Spider-Man fans have always wanted to see a big-screen translation of the Black Cat character – and had a glimmer of hope a couple of years ago when Sony announced a Black Cat spin-off that they later canceled – so to introduce Felicia Hardy as anyone else would’ve felt like a disservice.
5 Could’ve been great: It could’ve deepened Peter and Mary Jane’s relationship
The relationship shared by Peter Parker and Mary Jane Watson in Sam Raimi’s Spider-Man trilogy is one of the most complex in all of superhero cinema. They didn’t just fall in love and stay together like more boring superhero movie couples like Scarlet Witch and Vision or Thor and Jane Foster (until the audience finally got fed up with her, that is).
Instead, Peter had a constant tug-of-war between his duties as Spider-Man and his duties as a boyfriend. And Mary Jane’s emotions were always realistic: she understood the internal conflict of his double life, but she also didn’t want to be constantly let down. Spider-Man 4 could’ve built even more on that relationship.
4 Should’ve been canceled: Trilogies are neater than quadrilogies
Sam Raimi’s Spider-Man series stands out as a great movie franchise whose narrative was wrapped up in a neat bow, and this is partly due to the power of the trilogy. Trilogies are a great way to tell stories – that’s why the MCU has never given any character a fourth solo movie (although Thor is about to get one, directed by Taika Waititi).
In a broad sense, all stories come in three parts: a beginning, middle, and end. Apart from Shrek and the original run of Superman movies (neither of whose third or fourth installments hold up), there aren’t many memorable quadrilogies.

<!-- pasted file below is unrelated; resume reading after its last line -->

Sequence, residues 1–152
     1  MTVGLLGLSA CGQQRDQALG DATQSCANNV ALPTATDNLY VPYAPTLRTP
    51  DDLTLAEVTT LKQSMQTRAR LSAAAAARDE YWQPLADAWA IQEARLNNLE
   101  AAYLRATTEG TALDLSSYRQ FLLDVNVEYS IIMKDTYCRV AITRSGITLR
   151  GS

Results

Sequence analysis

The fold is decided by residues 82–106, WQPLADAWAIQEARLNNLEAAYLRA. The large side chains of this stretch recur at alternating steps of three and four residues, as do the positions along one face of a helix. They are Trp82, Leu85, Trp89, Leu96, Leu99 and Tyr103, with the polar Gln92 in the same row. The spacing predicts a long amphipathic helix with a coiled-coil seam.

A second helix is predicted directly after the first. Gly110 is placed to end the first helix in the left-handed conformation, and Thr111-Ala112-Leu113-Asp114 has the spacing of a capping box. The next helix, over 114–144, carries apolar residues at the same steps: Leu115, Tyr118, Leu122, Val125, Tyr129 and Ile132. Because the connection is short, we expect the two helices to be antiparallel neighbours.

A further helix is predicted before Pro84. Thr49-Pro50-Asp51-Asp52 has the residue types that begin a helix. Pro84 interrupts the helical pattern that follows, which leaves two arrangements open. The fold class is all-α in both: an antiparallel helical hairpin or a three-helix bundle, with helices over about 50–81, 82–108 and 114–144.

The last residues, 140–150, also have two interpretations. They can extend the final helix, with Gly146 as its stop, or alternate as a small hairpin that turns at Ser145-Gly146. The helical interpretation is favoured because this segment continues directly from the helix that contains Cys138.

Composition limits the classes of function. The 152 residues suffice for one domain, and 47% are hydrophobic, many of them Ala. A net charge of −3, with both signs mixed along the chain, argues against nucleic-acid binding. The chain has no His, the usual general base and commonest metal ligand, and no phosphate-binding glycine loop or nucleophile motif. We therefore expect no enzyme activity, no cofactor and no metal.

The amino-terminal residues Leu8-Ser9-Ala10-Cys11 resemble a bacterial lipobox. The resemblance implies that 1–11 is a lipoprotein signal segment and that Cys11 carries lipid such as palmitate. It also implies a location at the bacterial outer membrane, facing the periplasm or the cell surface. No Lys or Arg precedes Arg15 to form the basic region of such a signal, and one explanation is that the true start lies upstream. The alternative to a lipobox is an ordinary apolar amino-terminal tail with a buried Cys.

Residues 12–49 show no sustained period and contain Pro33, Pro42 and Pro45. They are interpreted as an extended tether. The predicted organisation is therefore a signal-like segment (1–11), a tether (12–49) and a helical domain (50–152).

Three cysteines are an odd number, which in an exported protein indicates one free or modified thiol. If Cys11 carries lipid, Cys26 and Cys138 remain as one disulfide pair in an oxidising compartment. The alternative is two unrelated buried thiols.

3 Could’ve been great: Raimi was going to pay off the Curt Connors storyline
Sam Raimi’s top choice for the villain was the Lizard, otherwise known as Dr. Curt Connors. The Lizard would remain the main villain in Sony’s retooled version of Spider-Man 4, the Andrew Garfield-starring reboot The Amazing Spider-Man, but it wasn’t as effective as Raimi’s would’ve been.
In the reboot, Connors had no relation to Peter Parker, but in Raimi’s series, they’d spent entire movies building up a relationship. The great thing about the villains in Raimi’s Spider-Man movies was always their personal connection to Peter – like his friend’s dad Norman Osborn or his idol Otto Octavius – so the director probably could’ve done something great with Peter’s college professor as the bad guy.
2 Should’ve been canceled: Sam Raimi and Sony had creative differences
Sam Raimi decided to call off Spider-Man 4 when he realized he was having the same kind of creative differences with Sony that he had during the production of Spider-Man 3. The studio’s interference in the threequel is what led to Topher Grace’s shoehorned-in, completely disingenuous Venom.
Fearing that the same would happen again, digging his Spider-Man franchise deeper into the hole it was already in, Raimi told the studio that instead of wasting more of their money, they should just cancel the movie. This was probably for the best, and his speculation of studio notes ruining the movie and compromising his vision for it was probably accurate.
1 Could’ve been great: It could’ve made up for the disappointment of Spider-Man 3
Sam Raimi has admitted that the only reason he wanted to make a fourth Spider-Man movie was that he was dissatisfied with Spider-Man 3 and didn’t want that to be how his Spider-Man series ended. The way he saw it, Spider-Man 4 would’ve been a second chance to end the series on a high note, and he’s absolutely right.
Viewers are far less disappointed with an underwhelming middle chapter than an underwhelming finale. If Spider-Man 4 had been made and it had been great (if Sony just backed off and let Raimi make the movie he wanted to make, because even though they were putting up a lot of money and that’s a lot of faith to put in one guy, he’d earned it), it would’ve made up for the disappointment of Spider-Man 3.